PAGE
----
Helical Boundary Conditions to Capture Inter-Pattern Flow in In-situ Upgrading Process Pattern Simulations
- Jeroen C Vink (Shell Global Solutions US Inc.) | Guohua Gao (Shell Global Solutions US Inc.)
- Document ID
- Society of Petroleum Engineers
- SPE Annual Technical Conference and Exhibition, 27-29 October, Amsterdam, The Netherlands
- Publication Date
- Document Type
- Conference Paper
- 2014. Society of Petroleum Engineers
- inter-pattern flow, boundary conditions, thermal process, sector model, reservoir simulation
- 0 in the last 30 days
- 72 since 2007
- Show more detail
- View rights & permissions
|SPE Member Price:||USD 9.50|
|SPE Non-Member Price:||USD 28.00|
The In-situ Upgrading Process (IUP) involves very complicated multi-phase thermal transport and chemical reactions. Numerical simulation of IUP is computationally expensive, and direct simulation of field scale IUP models becomes prohibitive. A practical way is to simulate a sector model under proper boundary and initial conditions and then up-scale the simulation results to the full field scale using superposition techniques. Because of non-symmetric pattern configuration and time delay of developing patterns sequentially, inter-pattern flow may become significant and its impact on the simulation results cannot be neglected. Therefore, no-flow boundary conditions become inappropriate for such IUP sector models.
In this paper, we proposed a new type of “helical” boundary conditions (HBCs) where pressures and temperatures are periodic in space, except for a shift in time. The HBCs are specifically designed for a field scale IUP development in which patterns are developed sequentially in time, along a long strip. In such a development, each pattern has exactly the same well configuration and operational schedule, except for a time delay. Because of high viscosity of heavy oil and low heat conductivity of formation rock, the impact of field boundary conditions on inter-pattern flow will be dampened quickly within only a few patterns, and a repetitive “pseudo-steady state” of inter-pattern flow develops, where the energy and mass fluxes from the previous pattern to the current pattern are the same as those from to the current pattern to the next pattern, except for the delay time. Using a 1D heat transfer model, we analytically prove that the pseudo-steady state and therefore the HBCs hold for a long strip of patterns. A practical procedure to implement these HBCs in numerical simulation is developed, where the state variables (pressure, temperature and fluid composition) are iteratively updated in grid blocks on both edges of a sector model that is composed of two patterns. This iterative approach to impose HBCs has been implemented in our in-house simulator.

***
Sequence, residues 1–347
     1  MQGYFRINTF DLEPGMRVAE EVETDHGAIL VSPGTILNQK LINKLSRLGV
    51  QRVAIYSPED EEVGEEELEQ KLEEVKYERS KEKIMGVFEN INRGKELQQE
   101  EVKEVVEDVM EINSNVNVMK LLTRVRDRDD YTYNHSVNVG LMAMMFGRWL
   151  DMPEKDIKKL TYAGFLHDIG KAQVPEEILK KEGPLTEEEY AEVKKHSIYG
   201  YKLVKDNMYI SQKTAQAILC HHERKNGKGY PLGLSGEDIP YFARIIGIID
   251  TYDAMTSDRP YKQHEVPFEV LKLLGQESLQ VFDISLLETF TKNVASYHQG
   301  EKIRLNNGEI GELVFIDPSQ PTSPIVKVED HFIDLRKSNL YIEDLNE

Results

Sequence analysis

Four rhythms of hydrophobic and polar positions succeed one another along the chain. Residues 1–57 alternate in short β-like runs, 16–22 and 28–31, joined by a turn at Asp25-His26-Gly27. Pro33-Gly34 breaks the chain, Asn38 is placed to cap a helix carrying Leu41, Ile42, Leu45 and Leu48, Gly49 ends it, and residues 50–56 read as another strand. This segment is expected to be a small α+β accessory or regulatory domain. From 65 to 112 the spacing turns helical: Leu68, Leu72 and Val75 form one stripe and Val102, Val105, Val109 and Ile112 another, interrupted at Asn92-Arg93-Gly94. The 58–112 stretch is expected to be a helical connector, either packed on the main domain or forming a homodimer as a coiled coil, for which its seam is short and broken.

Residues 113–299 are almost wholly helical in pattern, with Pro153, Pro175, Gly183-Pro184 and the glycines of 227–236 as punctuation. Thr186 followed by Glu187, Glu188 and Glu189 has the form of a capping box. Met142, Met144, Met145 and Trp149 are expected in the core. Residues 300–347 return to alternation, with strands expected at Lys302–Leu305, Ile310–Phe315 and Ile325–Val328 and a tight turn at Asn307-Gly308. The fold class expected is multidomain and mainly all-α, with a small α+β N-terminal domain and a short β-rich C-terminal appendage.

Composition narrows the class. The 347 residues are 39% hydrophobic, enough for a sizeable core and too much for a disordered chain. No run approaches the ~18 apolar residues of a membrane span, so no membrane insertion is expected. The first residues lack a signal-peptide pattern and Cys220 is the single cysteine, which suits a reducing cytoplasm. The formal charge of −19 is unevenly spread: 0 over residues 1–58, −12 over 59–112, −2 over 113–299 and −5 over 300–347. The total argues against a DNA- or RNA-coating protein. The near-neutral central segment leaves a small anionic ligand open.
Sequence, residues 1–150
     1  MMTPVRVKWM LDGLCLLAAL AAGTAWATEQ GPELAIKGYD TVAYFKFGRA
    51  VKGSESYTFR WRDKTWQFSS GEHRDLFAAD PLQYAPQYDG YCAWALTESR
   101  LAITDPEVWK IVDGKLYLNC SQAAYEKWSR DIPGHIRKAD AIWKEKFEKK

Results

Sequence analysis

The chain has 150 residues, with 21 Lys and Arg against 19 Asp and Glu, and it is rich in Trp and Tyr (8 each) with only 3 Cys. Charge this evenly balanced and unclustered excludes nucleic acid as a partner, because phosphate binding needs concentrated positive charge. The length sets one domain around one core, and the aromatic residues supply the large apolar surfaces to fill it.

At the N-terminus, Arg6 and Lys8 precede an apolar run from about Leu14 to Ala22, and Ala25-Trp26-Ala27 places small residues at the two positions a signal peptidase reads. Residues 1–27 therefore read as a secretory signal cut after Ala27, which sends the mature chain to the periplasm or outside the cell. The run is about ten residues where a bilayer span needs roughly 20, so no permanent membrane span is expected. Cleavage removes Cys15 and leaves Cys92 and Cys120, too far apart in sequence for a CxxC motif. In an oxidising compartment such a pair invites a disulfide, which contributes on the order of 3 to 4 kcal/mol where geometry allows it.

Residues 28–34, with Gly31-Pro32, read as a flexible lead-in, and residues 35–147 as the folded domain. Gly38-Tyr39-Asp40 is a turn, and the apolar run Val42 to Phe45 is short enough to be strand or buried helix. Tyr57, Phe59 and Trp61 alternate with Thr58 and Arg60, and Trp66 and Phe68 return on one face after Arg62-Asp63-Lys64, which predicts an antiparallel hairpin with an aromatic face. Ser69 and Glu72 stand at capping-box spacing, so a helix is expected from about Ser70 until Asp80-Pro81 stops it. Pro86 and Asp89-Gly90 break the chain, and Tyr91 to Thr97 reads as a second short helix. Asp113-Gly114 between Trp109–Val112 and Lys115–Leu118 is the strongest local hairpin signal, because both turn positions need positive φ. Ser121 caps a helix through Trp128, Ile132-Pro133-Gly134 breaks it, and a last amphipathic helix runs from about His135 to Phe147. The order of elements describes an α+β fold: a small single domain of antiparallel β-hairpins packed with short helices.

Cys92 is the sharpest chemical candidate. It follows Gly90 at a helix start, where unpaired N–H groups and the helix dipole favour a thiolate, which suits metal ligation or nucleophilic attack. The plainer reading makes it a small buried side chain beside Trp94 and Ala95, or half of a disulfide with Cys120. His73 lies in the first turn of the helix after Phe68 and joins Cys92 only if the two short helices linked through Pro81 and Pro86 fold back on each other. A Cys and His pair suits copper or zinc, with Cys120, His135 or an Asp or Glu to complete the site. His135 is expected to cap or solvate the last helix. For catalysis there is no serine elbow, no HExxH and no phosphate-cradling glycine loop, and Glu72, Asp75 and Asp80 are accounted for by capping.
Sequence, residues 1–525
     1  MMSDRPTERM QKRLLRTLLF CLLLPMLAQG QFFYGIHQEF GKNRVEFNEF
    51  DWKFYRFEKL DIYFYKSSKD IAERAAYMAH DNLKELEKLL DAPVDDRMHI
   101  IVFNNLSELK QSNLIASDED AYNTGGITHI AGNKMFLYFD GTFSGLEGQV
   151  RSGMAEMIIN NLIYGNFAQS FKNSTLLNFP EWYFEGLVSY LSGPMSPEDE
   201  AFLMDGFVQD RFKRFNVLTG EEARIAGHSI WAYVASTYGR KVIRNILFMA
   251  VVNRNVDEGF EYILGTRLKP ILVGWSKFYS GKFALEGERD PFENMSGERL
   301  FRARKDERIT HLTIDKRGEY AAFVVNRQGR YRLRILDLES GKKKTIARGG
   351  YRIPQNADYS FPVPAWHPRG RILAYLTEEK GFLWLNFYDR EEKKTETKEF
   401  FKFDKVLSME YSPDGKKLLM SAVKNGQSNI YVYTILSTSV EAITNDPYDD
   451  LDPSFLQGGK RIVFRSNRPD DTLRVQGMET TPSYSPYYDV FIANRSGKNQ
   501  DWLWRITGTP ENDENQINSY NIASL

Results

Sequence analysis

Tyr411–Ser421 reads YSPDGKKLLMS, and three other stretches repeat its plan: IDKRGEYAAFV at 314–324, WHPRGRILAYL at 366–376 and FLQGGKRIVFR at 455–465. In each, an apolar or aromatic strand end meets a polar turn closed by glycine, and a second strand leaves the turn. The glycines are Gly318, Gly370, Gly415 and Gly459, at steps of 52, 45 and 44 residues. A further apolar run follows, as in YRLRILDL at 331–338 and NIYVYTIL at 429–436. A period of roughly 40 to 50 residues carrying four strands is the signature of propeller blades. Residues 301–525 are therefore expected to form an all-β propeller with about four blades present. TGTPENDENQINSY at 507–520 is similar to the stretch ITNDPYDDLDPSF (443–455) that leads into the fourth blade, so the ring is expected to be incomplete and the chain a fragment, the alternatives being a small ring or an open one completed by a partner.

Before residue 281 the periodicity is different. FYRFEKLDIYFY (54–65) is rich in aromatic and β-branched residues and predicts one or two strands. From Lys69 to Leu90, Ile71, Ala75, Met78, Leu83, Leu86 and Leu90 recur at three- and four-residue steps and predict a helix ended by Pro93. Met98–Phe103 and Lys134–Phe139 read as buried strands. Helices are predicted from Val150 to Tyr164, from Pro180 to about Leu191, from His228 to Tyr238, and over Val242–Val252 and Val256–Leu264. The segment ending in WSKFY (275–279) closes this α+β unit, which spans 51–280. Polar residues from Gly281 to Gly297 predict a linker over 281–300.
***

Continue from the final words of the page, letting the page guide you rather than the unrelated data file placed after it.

This approach was tested and validated by simulation results of an IUP model that is composed of 59 patterns. Our results show that the full field boundary conditions only impact the production rate profiles of the first and the last patterns. Production rate profiles generated from all other patterns are almost identical except for the inter-pattern time delay, which also validates the pseudo-steady state of inter-pattern flow for a more complicated IUP model. The two-pattern sector model with the HBCs converges in 3-4 iterations. The production rate profiles of oil, gas and water generated by the sector model with HBCs are almost identical to those produced from one of those inner patterns in the 59-pattern model. Using the 1D example, we also analytically prove the convergence of our numerical implementation of HBCs.
In terms of clock-time used, it is possible to achieve 5N time speed-up through application of the HBCs, where N is the number of patterns in a field-scale model. Therefore, the new approach is proven a key enabler for field-scale IUP pattern optimization. Provided that the inter-pattern pressure communication that is induced by the pattern delay time is not too severe, we expect that HBCs can be also applied to simulation of other field scale thermal processes, such as the In-situ Conversion Process and steam floods.
|File Size||3 MB||Number of Pages||21|